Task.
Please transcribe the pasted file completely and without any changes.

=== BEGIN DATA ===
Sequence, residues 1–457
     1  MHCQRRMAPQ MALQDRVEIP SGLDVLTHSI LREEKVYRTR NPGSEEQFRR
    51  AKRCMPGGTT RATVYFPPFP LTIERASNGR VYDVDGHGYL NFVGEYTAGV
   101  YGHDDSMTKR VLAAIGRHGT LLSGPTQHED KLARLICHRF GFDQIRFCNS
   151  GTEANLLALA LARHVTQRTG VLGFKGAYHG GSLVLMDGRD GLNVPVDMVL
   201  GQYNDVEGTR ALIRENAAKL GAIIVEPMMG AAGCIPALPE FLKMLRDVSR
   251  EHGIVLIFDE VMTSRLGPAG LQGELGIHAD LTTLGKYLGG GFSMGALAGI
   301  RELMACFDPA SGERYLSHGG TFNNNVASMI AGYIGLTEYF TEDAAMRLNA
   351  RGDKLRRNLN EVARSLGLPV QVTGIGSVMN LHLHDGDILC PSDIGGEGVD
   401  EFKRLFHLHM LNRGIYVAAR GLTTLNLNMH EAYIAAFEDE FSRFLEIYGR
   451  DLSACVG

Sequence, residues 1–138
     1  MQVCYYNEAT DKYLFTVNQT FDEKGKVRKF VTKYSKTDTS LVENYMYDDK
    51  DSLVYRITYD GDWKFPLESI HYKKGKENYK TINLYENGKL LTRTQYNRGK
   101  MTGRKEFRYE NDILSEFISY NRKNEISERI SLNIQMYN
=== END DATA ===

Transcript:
Sequence, residues 1–457
     1  MHCQRRMAPQ MALQDRVEIP SGLDVLTHSI LREEKVYRTR NPGSEEQFRR
    51  AKRCMPGGTT RATVYFPPFP LTIERASNGR VYDVDGHGYL NFVGEYTAGV
   101  YGHDDSMTKR VLAAIGRHGT LLSGPTQHED KLARLICHRF GFDQIRFCNS
   151  GTEANLLALA LARHVTQRTG VLGFKGAYHG GSLVLMDGRD GLNVPVDMVL
   201  GQYNDVEGTR ALIRENAAKL GAIIVEPMMG AAGCIPALPE FLKMLRDVSR
   251  EHGIVLIFDE VMTSRLGPAG LQGELGIHAD LTTLGKYLGG GFSMGALAGI
   301  RELMACFDPA SGERYLSHGG TFNNNVASMI AGYIGLTEYF TEDAAMRLNA
   351  RGDKLRRNLN EVARSLGLPV QVTGIGSVMN LHLHDGDILC PSDIGGEGVD
   401  EFKRLFHLHM LNRGIYVAAR GLTTLNLNMH EAYIAAFEDE FSRFLEIYGR
   451  DLSACVG

Sequence, residues 1–138
     1  MQVCYYNEAT DKYLFTVNQT FDEKGKVRKF VTKYSKTDTS LVENYMYDDK
    51  DSLVYRITYD GDWKFPLESI HYKKGKENYK TINLYENGKL LTRTQYNRGK
   101  MTGRKEFRYE NDILSEFISY NRKNEISERI SLNIQMYN